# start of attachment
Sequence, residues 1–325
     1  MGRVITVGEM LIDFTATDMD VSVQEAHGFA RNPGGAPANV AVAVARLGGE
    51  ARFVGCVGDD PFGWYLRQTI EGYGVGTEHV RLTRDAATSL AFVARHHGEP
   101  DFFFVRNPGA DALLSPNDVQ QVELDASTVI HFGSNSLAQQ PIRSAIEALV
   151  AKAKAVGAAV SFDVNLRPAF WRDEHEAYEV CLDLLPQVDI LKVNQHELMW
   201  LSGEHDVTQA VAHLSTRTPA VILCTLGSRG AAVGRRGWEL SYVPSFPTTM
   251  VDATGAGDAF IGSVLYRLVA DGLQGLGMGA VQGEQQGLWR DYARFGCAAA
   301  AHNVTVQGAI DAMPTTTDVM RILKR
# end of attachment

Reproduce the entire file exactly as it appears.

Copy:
Sequence, residues 1–325
     1  MGRVITVGEM LIDFTATDMD VSVQEAHGFA RNPGGAPANV AVAVARLGGE
    51  ARFVGCVGDD PFGWYLRQTI EGYGVGTEHV RLTRDAATSL AFVARHHGEP
   101  DFFFVRNPGA DALLSPNDVQ QVELDASTVI HFGSNSLAQQ PIRSAIEALV
   151  AKAKAVGAAV SFDVNLRPAF WRDEHEAYEV CLDLLPQVDI LKVNQHELMW
   201  LSGEHDVTQA VAHLSTRTPA VILCTLGSRG AAVGRRGWEL SYVPSFPTTM
   251  VDATGAGDAF IGSVLYRLVA DGLQGLGMGA VQGEQQGLWR DYARFGCAAA
   301  AHNVTVQGAI DAMPTTTDVM RILKR